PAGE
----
A recent article on Boston.com, “How facts backfire: Researchers discover a surprising threat to democracy: our brains” caught my attention for several reasons – some intellectual and some, well, personal.
As an employee of a company who used to have a tag line “Information for Decision-Making,” I believe in the value of facts in reducing risk and guiding strategic decisions, I love data and weaving a story from information gathered in our custom market research studies. I make my living from sharing facts! However, true confession here, as the liberal wife of a man who considers
Fox’s reporting “fair and balanced,” I recognize
my reluctance to accept political information presented as facts,
particularly from certain sources.
Thomas Jefferson wrote in 1789: “Whenever people are well-informed, they can be trusted with their own government.” It is one of the primary underlying assumptions of modern democracy: people, furnished with facts, will be clearer thinkers and better citizens. However, recent political science studies by researchers at the University of Michigan have found that facts don’t necessarily have the power to change our minds. In fact, they found the opposite. When misinformed people (particularly political partisans) were presented with corrected information, they rarely changed their mind. Some became more strongly set in their unfounded beliefs.
While more research is being done to understand why when we have things wrong – we can be so sure that we’re right – and why we’re unwilling to “admit we were wrong,” researchers believe part of the answer is in the way our brains are wired. People, generally, seek consistency; we accept and interpret information with an eye toward reinforcing our preexisting views (…anyone want to debate the presence of WMD in Iraq? You get the drift…).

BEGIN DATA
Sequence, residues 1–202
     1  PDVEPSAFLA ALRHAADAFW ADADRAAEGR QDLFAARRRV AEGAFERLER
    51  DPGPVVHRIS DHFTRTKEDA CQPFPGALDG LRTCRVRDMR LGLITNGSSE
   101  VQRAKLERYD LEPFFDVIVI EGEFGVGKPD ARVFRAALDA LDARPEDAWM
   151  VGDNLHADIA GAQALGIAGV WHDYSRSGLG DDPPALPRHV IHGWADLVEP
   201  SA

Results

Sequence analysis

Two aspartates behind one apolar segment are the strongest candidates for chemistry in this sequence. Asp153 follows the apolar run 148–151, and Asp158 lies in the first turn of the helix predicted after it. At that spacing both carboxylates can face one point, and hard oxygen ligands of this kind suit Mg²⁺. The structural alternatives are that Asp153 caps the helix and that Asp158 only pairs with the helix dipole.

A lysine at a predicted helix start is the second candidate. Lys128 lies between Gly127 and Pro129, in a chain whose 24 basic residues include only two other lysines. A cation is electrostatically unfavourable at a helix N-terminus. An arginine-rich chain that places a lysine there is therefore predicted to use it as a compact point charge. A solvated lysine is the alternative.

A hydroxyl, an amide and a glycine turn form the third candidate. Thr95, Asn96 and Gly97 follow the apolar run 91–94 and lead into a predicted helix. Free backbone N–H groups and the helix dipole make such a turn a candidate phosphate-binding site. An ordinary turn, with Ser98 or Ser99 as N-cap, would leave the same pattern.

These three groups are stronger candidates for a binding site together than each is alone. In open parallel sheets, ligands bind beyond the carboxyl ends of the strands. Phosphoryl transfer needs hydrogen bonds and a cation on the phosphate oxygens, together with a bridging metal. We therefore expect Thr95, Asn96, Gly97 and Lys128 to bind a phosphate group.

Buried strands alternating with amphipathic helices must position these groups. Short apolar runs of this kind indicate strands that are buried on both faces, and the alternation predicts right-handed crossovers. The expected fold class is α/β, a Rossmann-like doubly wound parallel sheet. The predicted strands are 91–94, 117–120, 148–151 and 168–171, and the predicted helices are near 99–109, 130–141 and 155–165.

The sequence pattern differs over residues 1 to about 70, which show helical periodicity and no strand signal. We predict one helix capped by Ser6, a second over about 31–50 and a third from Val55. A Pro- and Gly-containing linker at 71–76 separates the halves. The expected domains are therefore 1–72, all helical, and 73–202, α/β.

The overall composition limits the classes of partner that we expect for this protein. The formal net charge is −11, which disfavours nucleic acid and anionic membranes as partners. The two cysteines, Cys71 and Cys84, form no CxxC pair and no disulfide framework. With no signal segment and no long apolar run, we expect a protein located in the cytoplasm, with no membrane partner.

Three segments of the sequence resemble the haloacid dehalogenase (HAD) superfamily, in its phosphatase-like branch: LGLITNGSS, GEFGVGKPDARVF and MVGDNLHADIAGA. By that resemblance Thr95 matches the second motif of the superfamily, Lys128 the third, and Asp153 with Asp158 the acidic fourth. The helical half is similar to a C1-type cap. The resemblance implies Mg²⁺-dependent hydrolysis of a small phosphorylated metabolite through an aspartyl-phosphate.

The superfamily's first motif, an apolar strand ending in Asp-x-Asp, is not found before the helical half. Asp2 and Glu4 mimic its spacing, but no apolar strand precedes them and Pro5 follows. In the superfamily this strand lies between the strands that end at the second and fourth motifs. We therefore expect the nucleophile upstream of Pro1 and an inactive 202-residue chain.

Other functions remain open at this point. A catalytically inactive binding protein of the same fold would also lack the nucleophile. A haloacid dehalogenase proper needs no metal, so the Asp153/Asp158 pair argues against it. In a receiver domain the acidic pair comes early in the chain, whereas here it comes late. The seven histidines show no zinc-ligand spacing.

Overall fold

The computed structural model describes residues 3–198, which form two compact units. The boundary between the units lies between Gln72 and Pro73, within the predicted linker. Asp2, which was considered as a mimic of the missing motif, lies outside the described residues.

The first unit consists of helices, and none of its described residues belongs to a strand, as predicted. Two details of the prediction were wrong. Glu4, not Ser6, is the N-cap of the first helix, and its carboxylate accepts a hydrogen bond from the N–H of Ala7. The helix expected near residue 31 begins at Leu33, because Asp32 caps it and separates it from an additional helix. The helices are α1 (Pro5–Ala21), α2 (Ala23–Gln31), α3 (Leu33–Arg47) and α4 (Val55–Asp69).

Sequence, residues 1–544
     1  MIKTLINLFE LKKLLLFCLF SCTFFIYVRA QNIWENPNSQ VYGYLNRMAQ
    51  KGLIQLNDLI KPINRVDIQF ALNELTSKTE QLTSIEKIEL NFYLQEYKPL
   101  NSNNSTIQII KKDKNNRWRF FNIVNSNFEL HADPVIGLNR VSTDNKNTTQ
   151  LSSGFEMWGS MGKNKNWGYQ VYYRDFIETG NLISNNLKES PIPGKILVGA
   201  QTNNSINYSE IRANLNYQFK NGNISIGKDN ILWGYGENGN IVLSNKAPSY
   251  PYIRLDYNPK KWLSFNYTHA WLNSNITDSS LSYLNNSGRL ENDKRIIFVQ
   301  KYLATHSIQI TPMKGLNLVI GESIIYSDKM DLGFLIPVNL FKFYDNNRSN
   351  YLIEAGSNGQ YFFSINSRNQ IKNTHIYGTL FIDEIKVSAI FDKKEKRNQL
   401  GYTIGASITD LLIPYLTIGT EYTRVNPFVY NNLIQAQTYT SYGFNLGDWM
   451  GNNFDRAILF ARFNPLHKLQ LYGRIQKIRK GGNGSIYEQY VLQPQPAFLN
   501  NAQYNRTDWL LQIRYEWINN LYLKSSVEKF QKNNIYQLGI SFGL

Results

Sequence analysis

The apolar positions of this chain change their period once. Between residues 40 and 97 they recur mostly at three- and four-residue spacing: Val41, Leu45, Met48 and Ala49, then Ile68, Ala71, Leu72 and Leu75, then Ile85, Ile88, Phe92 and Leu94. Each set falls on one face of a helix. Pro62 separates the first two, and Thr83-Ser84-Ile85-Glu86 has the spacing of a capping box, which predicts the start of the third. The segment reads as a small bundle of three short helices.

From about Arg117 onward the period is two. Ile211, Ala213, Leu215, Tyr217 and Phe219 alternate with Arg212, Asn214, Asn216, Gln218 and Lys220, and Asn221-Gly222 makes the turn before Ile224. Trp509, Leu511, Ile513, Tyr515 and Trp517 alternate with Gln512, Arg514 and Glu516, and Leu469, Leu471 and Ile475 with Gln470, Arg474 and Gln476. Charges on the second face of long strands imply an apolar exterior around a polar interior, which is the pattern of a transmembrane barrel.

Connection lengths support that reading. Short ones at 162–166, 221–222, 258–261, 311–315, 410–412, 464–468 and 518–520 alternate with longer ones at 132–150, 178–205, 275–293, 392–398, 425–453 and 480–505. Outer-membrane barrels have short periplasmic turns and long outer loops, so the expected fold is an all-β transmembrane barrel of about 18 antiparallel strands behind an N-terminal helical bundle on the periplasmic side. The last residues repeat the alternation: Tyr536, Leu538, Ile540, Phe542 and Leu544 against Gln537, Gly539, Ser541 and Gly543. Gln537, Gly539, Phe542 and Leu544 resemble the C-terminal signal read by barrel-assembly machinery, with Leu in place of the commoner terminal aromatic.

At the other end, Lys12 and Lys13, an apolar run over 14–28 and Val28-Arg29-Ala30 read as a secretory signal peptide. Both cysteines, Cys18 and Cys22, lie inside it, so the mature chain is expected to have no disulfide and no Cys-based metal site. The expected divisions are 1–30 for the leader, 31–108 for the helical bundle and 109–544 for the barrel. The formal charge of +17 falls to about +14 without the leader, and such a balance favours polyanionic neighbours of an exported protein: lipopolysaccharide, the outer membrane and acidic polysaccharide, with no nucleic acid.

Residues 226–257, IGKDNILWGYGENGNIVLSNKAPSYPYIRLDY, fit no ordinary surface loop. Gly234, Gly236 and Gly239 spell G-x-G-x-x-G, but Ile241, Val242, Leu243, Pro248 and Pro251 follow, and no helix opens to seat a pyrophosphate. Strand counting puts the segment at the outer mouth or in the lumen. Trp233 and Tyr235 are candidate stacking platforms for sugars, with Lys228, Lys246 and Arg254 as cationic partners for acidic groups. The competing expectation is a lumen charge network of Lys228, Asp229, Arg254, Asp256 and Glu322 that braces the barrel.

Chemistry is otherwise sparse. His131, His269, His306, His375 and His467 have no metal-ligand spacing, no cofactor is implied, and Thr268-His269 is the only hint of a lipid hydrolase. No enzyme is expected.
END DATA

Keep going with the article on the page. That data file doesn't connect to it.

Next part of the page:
While poli-sci researchers are working on the young field of “political mis-perception,” several points of interest were noted: (1) One avenue may involve self-esteem…if you feel good about yourself you’ll listen. If you feel threatened and agitated, you are less likely to listen to dissenting opinions; (2) Hitting people between the eyes with objective facts that contradict current beliefs – particularly if it can be done in an interactive way - seems to force many to adjust their opinions.
With that as background, then, as market researchers it is essential to be conscious of not just the facts we are presenting, but how they are presented. Three ways to make sure the facts don’t fall on deaf ears
- Make sure to go beyond gathering “information you want” and towards “what decisions you will make” as a result of the information. This means gathering input from key managers or executives about their beliefs and hypothesis and building them into the research plan. This approach helps on two fronts: (1) by hypothesis gathering, you can confirm managers’ beliefs on some factors while presenting new information on others… “you were right;” and (2) by focusing on the business decision (not a single fact), you get past the “I don’t believe that fact” problem and support forward movement of the business.
- Engage information users in positive interactive and engaging meetings at key points in the project – planning/kick-off, analysis review, presentations. And do this in a way that welcomes contrarian points of view and respects all participants. This avoids people questioning the “facts” at the end, when it is too late to make changes and makes it easier for non-believers to dismiss the information completely.
- Know your audience and share with them in a way that is comfortable. It sounds simplistic, but some people want pictures and stories, others want facts and data. Some want to be hands on the whole way through and others want a final summary. By knowing the audience, you can build a report that tells a story and makes “facts” relevant, interesting, and easy to act on.
Posted by Judy Melanson. Judy leads the Travel & Entertainment practice and loves collaborating with clients on driving customer loyalty. She's the mom of two teens and the wife of an oyster farmer. Follow Judy on Twitter at @Judy_LC